When a drunk driver kills someone, we blame and punish the driver. When a drug dealer kills someone, we blame and punish the dealer. When a husband attacks his wife, we blame the husband. When a bomb explodes, we blame the bomber. When someone gets stabbed with a knife, or clubbed with a bat, or beaten with fists, we blame the stabber, clubber, or puncher.

That’s all as it should be. We point the finger of blame at the person who chose to act in a particular way. We recognize that free will exists, and even in cases where someone’s criminal act is abetted by previous reckless behavior (i.e. drinking a dozen shots of Jack Daniels before getting behind the wheel of a car), we hang responsibility on the person.

Sometimes, but not always. Many carve out exceptions to this “blame the actor, not the objects with which he acted,” especially when those objects are things they don’t like. The two most obvious are guns and drugs.

A 19 year old with a long history of rage and threat making shoots up a school. A national dialogue ensues, and immediately, that dialogue fixates on guns themselves. Advocates for infringing the gun rights of millions who’ve done nothing wrong are lauded as brave and heroic, and solutions that would not have stopped the shooter in the first place are rushed forward. Meanwhile, multiple obvious failures by government people at multiple levels, i.e. the FBI that failed to act on actionable information and the local law enforcement officers that did not even attempt to intervene, go with little comment and little recrimination.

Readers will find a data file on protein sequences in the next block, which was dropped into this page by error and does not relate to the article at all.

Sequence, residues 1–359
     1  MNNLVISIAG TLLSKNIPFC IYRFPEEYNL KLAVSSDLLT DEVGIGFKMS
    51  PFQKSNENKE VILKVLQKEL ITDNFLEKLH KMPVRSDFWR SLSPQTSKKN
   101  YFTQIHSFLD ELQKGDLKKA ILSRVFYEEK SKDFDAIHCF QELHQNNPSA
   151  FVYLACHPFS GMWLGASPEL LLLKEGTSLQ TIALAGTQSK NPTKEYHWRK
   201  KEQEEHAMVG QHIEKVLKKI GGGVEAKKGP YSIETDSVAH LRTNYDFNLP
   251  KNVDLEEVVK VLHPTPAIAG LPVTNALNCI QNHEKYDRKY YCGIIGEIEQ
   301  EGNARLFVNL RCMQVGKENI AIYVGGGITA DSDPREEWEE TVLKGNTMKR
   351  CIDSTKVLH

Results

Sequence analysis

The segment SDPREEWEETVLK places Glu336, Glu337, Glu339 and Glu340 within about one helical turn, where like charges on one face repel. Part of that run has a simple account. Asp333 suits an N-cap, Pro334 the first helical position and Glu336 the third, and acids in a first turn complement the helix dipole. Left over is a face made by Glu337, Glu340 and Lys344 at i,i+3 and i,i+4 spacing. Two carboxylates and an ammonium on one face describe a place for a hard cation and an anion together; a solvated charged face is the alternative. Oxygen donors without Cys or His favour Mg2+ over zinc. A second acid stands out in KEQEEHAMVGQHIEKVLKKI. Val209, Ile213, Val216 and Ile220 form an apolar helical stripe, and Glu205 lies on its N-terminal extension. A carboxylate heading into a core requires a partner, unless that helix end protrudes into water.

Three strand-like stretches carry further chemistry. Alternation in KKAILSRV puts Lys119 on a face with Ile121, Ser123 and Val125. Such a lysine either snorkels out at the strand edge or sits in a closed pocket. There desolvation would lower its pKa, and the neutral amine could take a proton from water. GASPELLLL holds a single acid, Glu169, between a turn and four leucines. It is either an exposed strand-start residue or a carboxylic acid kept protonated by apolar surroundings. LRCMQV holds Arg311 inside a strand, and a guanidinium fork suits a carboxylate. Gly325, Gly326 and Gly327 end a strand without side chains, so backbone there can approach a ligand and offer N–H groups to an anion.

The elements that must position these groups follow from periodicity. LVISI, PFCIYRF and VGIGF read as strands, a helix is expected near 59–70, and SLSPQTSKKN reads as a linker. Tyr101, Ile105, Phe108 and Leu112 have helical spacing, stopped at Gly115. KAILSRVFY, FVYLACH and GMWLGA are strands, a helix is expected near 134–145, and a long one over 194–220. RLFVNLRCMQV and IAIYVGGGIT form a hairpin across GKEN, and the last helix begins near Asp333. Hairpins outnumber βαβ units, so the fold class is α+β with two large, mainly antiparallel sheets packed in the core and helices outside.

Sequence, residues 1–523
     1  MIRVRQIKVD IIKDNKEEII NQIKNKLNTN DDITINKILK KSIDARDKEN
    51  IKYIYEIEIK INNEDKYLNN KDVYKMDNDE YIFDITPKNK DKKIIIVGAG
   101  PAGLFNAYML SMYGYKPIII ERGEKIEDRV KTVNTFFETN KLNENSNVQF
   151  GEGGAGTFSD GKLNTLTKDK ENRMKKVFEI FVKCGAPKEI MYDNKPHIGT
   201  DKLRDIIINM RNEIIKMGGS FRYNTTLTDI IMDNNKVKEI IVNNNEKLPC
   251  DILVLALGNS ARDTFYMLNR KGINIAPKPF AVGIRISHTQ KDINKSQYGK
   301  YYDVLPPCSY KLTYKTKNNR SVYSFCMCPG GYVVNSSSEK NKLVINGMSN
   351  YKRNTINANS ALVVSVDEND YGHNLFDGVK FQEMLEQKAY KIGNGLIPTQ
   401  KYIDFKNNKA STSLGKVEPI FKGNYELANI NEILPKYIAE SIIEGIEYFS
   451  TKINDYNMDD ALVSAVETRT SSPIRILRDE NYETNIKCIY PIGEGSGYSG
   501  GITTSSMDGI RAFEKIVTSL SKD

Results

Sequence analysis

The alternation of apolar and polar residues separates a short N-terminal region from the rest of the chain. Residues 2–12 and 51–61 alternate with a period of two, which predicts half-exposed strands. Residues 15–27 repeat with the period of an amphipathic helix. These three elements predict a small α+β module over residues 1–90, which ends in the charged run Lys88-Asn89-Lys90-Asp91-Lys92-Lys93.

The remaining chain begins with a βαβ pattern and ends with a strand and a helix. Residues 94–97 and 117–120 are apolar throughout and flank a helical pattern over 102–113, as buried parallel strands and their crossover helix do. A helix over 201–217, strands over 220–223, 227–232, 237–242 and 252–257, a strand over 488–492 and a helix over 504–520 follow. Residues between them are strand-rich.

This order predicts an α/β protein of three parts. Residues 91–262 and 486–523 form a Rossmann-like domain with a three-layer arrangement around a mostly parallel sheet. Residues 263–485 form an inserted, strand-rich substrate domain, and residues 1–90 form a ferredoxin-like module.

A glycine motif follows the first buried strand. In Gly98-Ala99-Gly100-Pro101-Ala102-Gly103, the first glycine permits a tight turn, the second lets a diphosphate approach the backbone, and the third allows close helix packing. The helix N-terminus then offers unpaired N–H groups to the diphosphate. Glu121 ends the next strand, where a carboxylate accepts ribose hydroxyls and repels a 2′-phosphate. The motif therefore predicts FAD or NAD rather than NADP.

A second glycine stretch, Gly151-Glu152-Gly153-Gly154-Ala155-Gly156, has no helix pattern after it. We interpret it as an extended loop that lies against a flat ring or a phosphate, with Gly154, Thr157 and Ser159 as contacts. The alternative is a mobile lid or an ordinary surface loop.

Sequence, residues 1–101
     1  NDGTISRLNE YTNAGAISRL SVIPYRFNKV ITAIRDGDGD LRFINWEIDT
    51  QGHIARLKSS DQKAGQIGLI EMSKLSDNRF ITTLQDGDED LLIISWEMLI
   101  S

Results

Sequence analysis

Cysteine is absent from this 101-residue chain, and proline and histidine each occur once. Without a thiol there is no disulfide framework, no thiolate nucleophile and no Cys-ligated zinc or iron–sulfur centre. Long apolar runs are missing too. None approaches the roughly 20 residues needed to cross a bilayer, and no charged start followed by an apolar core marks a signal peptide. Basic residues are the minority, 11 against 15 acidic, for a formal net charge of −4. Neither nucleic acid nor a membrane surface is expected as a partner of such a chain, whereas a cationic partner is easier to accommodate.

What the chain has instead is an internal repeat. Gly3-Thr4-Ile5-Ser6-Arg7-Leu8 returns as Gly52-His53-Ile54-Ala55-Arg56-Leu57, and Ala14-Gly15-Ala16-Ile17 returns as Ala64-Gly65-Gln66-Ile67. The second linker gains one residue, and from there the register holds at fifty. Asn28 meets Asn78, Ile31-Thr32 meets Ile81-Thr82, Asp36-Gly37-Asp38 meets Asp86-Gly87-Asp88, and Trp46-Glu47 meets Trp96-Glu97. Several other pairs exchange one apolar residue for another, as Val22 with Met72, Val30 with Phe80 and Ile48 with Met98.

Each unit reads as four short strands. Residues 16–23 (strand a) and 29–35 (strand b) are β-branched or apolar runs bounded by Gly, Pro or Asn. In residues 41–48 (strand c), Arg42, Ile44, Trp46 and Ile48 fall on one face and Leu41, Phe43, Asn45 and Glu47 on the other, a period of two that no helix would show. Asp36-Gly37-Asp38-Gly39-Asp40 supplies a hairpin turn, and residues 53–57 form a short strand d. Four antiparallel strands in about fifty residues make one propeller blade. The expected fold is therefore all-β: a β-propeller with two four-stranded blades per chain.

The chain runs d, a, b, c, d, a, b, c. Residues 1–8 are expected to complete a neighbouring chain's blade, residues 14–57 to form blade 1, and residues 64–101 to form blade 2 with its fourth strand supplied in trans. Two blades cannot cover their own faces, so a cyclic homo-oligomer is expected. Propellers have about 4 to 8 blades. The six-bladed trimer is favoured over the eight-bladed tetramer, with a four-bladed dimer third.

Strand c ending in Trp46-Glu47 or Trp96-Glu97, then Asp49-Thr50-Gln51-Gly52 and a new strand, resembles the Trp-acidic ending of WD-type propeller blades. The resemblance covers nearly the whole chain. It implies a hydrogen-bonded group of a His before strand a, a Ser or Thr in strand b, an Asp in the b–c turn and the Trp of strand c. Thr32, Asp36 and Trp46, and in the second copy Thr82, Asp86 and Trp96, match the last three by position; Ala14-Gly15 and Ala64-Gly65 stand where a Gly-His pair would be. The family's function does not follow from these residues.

This is a recurring theme with guns, where the shooters are subordinated to the tools of their carnage. This is illustrated by the stock response to gun crime, and in particular mass shootings, i.e. calls for greater restrictions on guns themselves, and a seemingly deliberate ignoring or deflection of any discussion that is not about further restricting guns.

It’s also a theme that’s repeated when it comes to illegal drugs, and opiates in particular. The government’s language itself, the “War on Drugs,” elevates chemicals themselves over human choice. This is reinforced by assertions that the dependency those chemicals create undermines free will and rational thought. But, these assertions are themselves contradicted by the form of punishment. We prefer to incarcerate, rather than treat, addicts, when they run afoul of law enforcement. If people are rendered incapable of truly free will by drug addiction, how do we justify punishing them for continuing to take drugs? Here, we witness a major dissonance in society. We ban a substance, on the presumption that its use renders its users incapable of free will, yet punish users on the presumption that they do so by choice.

A thing, bereft of cognitive ability, free will, or self-action, cannot do harm without human action. Even booby traps must necessarily be rigged by someone, and even holes in the ground must be dug by someone and stepped into by someone else. To blame a thing instead of the human actor is to misplace blame – sometimes innocently, sometimes with nefarious purpose. And, indeed, too many instances of blaming things are meant to drive agendas rather than address problems.